Airline Bar Codes Could Catch Terrorists
The Transportation Security Administration (TSA) is launching a $70 million bar-code ID system that will be tested in mid-sized airports to see if it is useful in alerting airport security if someone is a suspected terrorist on a government list.
The Computer Assisted Passenger Pre-Screening II (CAPPS II) program will plant a hidden bar code in airline tickets that alerts airport security at the gates whether to detain someone, scrutinize someone with extra attention, or simply scrutinize someone based on routine procedures.
The bar codes will be red, yellow, and green in order of most- to least-potentially dangerous. CAPPS II will depend upon an international database of travelers’ identities, and IBM has completed a $1 million contract for creating an airline interface for a database.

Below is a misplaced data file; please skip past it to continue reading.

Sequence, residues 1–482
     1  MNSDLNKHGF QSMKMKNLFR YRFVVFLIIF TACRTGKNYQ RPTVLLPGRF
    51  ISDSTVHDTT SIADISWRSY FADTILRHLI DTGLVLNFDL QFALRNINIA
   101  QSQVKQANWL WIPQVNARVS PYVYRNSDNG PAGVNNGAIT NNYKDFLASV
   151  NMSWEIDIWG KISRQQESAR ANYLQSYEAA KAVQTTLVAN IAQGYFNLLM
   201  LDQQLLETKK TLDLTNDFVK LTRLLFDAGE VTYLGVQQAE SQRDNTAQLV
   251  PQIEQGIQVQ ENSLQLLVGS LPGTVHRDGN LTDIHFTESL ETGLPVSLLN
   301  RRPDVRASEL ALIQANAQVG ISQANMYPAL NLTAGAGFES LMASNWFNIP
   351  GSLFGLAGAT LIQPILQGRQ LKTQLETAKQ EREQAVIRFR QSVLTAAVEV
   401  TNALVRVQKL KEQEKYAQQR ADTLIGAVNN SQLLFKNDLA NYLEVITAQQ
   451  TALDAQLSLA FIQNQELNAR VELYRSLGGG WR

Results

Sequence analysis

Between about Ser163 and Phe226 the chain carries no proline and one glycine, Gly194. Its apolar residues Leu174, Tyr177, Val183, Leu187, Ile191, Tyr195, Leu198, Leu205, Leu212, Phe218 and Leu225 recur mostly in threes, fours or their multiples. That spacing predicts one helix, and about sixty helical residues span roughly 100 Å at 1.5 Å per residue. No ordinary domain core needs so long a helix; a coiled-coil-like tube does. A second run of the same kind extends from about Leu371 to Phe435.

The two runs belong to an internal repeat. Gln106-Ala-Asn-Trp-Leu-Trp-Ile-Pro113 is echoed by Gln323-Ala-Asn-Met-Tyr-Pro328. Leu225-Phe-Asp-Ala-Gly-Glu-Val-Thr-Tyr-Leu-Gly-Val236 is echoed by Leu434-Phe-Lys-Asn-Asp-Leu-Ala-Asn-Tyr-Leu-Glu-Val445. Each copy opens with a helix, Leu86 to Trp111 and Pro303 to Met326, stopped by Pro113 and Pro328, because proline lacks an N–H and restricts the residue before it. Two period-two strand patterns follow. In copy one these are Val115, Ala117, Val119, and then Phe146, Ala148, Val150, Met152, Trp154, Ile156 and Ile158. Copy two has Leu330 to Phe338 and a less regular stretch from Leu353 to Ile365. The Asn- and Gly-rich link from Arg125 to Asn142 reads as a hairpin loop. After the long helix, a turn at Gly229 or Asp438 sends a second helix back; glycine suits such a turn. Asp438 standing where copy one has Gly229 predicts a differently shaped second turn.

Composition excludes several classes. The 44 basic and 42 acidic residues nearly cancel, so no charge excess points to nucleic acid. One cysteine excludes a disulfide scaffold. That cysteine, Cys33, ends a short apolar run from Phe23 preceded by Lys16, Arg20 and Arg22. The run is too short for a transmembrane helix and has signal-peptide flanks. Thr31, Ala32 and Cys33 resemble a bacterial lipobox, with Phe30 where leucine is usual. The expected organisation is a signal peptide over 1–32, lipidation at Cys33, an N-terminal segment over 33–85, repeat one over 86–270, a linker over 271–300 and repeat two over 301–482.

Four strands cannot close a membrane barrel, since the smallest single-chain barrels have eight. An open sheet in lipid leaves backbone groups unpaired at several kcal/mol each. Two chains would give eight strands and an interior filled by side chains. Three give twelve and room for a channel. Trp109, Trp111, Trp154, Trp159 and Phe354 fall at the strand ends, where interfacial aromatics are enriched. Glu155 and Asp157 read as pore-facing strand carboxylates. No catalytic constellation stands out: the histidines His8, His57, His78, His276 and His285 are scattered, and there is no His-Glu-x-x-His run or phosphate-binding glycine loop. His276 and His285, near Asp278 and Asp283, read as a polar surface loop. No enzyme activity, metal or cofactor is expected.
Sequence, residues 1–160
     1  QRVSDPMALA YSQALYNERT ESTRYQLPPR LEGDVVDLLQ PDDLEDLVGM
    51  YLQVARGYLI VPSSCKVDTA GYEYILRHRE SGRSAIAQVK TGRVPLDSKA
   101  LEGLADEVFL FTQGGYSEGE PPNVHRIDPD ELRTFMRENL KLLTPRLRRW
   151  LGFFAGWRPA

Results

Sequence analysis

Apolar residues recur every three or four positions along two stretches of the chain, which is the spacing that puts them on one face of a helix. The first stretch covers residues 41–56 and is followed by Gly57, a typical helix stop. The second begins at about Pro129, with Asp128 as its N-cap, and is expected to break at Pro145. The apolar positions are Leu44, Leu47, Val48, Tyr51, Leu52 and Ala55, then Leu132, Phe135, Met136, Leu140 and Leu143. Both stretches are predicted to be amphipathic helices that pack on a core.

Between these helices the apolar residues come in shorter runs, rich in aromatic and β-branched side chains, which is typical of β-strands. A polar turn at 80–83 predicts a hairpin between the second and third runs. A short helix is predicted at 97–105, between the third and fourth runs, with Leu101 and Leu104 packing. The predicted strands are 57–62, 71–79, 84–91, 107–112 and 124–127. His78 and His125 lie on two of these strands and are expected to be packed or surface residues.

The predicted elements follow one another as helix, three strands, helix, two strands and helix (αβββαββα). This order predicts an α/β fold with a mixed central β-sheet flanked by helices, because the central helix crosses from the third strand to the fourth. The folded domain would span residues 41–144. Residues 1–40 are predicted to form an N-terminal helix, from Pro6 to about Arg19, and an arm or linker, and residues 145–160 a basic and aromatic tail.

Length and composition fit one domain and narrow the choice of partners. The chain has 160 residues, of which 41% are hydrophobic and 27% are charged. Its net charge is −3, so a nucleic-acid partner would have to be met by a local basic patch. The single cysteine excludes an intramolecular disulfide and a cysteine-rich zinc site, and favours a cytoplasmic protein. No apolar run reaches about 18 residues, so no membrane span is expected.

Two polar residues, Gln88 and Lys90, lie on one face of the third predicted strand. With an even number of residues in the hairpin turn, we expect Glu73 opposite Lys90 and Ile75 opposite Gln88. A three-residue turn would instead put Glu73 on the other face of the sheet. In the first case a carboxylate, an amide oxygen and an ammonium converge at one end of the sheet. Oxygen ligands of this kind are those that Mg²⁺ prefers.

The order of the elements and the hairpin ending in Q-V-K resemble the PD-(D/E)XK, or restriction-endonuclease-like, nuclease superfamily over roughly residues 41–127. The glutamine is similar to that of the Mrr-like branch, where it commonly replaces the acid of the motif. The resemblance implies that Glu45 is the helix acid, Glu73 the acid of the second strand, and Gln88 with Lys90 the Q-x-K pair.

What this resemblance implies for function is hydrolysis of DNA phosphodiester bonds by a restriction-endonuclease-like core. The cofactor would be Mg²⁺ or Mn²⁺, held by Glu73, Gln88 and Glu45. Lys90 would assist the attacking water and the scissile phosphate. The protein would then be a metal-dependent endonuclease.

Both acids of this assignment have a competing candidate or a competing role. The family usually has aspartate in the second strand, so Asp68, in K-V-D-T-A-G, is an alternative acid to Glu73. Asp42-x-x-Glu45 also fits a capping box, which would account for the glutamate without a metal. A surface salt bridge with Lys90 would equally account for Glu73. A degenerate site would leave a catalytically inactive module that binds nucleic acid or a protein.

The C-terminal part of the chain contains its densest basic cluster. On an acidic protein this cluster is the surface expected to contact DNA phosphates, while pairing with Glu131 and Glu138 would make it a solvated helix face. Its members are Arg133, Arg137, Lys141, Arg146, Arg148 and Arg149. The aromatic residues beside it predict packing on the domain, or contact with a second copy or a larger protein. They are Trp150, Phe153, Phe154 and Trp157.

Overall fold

TSA is expected to name a contractor who will build a risk-assessment computer tool that collects and combines information from airline passenger databases, U.S. terrorism lists, and other sources to create coded danger levels.
TSA says the database will not be able to collate information about individuals and will be designed to lack data-mining functionality. Privacy advocates are concerned the CAPPS II program will infringe on individual privacy rights.
TSA’s Chet Lunner says that the searching in CAPPS II will function much like a credit card sweep, and that “the system will have no capability to do its own intelligence sweeps.”
Abstracted by the National Law Enforcement and Corrections Technology Center(NLECTC) from InformationWeek (02/28/03); Chabrow, Eric.